30 Aug 1943; Ploesti, Rumania, 18 May 1944.
Insigne. Shield: Vert five bendlets enhanced sable
fimbriated or, as
many crosses patee in bend debased three and two of the second fimbriated
argent. Crest: Upon a wreath of the colors or and vert upon a hurte wavy an
arrow palewise reversed between two wings displayed conjoined in lure or.
Motto: Aut Vincere Aut Mori - Conquer or Die. (Approved 10 Feb 1924.)
1st Photographic Group
Constituted as 1st Photographic Group on 15 May 1941.
Activated on 10
Jun 1941. Redesignated 1st Mapping Group in Jan 1942, and 1st Photographic
Charting Group in Aug 1943. Charted and mapped areas of the US and sent
detachments to perform similar functions in Alaska, Canada, Africa, the
East, India, the Caribbean, Mexico, Central and South America, and the
Used a variety of aircraft, including F-2's, F-3's, F-7's, A-29's, B-17's,
B-18's, B-24's, and B-25's. Disbanded on 5 Oct 1944.
Squadrons. 1st: 1941-1943. 2d: 1941-1944. 3d: 1941-1943.
1941-1944. 6th: 1943-1944. 19th: 1943. 91st: 1943-1944.
Stations. Bolling Field, DC, 10 Jun 1941; Peterson Field,
1943; Buckley Field, Colo, Jul-5 Oct 1944.
Commanders. Lt Col Minton W Kaye, 10 Jun 1941; Lt Col George
c. 1 Feb 1942; Col Paul T Cullen, 8 Jul 1942; Col Minton W Kaye, c. 1 Jul
1943; Col George G Northrup, c. 18 Nov 1943; Lt Col Frank N Graves, c. 1 Dec
Campaigns. American Theater.
Insigne. Shield: Per pale, vert and azure, a pile or
debruised by a
barrulet arched of the field upon and over the pile a camera lens proper
rimmed sable. Motto: Fideliter et Diligenter - Faithfully and Diligently.
(Approved 24 Oct 1942.)
1st Search Attack Group
Constituted as 1st Sea-Search Attack Group (Medium) on 8 Jun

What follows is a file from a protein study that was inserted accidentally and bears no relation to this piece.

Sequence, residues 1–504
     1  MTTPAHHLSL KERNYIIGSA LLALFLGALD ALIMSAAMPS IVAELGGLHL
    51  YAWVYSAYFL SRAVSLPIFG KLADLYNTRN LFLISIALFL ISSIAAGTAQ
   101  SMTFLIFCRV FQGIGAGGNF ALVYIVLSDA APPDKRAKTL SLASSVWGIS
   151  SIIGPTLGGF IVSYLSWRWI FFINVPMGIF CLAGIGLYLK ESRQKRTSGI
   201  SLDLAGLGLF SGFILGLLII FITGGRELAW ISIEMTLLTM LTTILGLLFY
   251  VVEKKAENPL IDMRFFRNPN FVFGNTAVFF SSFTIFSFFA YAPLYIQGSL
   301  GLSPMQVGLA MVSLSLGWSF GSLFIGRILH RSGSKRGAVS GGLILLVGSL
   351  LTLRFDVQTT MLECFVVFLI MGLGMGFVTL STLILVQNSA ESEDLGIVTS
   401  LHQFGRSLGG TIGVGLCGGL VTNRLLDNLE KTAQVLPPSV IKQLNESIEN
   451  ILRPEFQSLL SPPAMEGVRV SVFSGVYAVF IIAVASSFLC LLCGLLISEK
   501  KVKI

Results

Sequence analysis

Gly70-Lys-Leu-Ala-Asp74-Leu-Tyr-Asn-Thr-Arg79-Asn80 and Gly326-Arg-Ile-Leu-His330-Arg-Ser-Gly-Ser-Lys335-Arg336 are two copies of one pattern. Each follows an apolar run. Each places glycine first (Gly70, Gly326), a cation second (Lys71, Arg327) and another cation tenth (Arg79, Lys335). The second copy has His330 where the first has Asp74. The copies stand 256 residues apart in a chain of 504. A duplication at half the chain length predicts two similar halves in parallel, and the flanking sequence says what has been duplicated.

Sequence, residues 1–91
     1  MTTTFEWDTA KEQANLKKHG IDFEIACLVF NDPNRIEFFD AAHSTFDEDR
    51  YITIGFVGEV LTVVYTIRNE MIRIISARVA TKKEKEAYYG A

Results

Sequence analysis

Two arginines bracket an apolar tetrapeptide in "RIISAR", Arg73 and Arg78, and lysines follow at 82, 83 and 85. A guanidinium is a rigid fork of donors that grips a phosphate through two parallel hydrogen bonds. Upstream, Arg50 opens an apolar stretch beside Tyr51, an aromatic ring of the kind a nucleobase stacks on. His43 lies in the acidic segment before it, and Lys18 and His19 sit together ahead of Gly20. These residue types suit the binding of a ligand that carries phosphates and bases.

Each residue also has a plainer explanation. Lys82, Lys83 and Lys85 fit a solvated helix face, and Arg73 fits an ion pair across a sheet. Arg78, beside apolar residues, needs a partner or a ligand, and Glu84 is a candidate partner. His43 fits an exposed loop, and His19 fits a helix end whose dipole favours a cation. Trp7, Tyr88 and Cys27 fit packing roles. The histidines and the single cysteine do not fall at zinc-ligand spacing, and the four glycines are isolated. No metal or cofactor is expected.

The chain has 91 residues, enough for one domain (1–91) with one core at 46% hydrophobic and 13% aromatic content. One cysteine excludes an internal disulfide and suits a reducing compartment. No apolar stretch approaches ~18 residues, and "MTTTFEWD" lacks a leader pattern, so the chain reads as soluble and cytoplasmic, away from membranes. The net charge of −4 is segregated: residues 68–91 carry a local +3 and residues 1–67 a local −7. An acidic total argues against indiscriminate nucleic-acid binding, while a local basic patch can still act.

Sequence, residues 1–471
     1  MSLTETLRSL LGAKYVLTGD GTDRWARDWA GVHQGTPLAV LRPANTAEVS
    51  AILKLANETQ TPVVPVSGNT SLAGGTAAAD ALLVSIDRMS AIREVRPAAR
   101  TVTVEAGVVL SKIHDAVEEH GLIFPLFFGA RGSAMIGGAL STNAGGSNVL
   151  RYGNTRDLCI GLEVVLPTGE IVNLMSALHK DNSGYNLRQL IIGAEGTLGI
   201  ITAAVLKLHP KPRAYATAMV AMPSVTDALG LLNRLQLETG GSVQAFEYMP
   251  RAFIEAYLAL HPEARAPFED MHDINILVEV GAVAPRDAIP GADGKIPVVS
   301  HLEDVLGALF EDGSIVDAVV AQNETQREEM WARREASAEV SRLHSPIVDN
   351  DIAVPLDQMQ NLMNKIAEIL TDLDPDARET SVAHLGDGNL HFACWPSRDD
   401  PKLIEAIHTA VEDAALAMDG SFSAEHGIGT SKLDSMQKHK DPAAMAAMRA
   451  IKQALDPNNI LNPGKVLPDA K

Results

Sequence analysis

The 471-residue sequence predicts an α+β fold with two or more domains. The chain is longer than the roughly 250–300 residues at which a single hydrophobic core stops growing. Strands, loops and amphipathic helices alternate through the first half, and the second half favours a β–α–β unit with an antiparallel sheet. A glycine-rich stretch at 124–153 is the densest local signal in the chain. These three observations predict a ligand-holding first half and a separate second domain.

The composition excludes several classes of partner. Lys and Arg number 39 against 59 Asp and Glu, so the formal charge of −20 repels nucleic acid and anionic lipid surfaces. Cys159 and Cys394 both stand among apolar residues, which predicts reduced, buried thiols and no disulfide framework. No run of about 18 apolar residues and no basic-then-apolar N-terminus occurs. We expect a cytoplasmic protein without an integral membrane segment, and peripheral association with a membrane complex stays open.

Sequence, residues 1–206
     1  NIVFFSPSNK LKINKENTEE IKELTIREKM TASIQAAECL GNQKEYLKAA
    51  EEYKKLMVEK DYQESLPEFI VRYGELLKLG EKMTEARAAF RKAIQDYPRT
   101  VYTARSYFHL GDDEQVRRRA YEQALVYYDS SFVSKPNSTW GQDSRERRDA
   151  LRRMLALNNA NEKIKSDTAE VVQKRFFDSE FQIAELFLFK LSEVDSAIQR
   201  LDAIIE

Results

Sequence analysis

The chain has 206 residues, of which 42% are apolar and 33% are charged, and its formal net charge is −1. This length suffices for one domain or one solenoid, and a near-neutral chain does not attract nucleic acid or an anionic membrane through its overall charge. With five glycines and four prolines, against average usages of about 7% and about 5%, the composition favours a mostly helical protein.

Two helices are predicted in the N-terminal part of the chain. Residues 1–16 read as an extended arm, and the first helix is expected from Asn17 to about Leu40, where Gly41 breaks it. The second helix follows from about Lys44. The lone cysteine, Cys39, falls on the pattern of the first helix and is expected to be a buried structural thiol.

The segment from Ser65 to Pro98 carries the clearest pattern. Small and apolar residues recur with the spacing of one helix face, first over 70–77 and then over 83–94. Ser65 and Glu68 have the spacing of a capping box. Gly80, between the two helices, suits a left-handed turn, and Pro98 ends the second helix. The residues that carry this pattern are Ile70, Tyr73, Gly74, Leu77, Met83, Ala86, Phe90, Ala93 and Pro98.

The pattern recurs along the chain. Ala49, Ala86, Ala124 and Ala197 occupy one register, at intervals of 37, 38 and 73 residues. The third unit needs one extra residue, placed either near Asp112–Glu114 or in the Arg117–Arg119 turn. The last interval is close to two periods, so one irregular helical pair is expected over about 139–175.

activated on 17 Jun. Redesignated 1st Sea-Search Attack Group (Heavy) in Jun
1943, 1st Sea-Search Attack Unit in Sep 1943, and 1st Search Attack Group in
Nov 1943. Assigned directly to AAF in Jul 1942; assigned to First AF in Nov
1943. Tested equipment and developed techniques and tactics for use against
submarines and surface craft; also flew patrol missions and searched for
submarines. Late in 1943 became concerned primarily with radar training for
combat crews. Used B-17, B-18, and B-24 aircraft. Disbanded on 10 Apr 1944.
Squadrons. 2d: 1942-1944. 3d: 1942-1944. 4th (formerly 18th
Stations. Langley Field, Va, 17 Jun 1942-10 Apr 1944.
Commanders. Col William C Dolan, 17 Jun 1942-10 Apr 1944.
Campaigns. Antisubmarine, American Theater.
2nd Air Commando Group
Constituted as 2nd Air Commando Group on 11 Apr 1944 and
activated on 22
Apr. Trained for operations with P-51, C-47, and L-5 aircraft. Moved to
India, Sep-Nov 1944. Between Nov 1944 and May 1945 the group dropped
to Allied troops who were fighting the Japanese in the Chindwin Valley in
Burma; moved Chinese troops from Burma to China; transported men, food,
ammunition, and construction equipment to Burma; dropped Gurkha paratroops
during the assault on Rangoon; provided fighter support for Allied forces
crossing the Irrawaddy River in Feb 1945; struck enemy airfields and
transportation facilities; escorted bombers to targets in the vicinity of
Rangoon; bombed targets in Thailand; and flew reconnaissance missions. After
May 1945 the fighter squadrons were in training; in Jun the group's C-47's
were sent to Ledo to move road-building equipment; during Jun-Jul most of
L-5's were turned over to Fourteenth AF. The group returned to the US during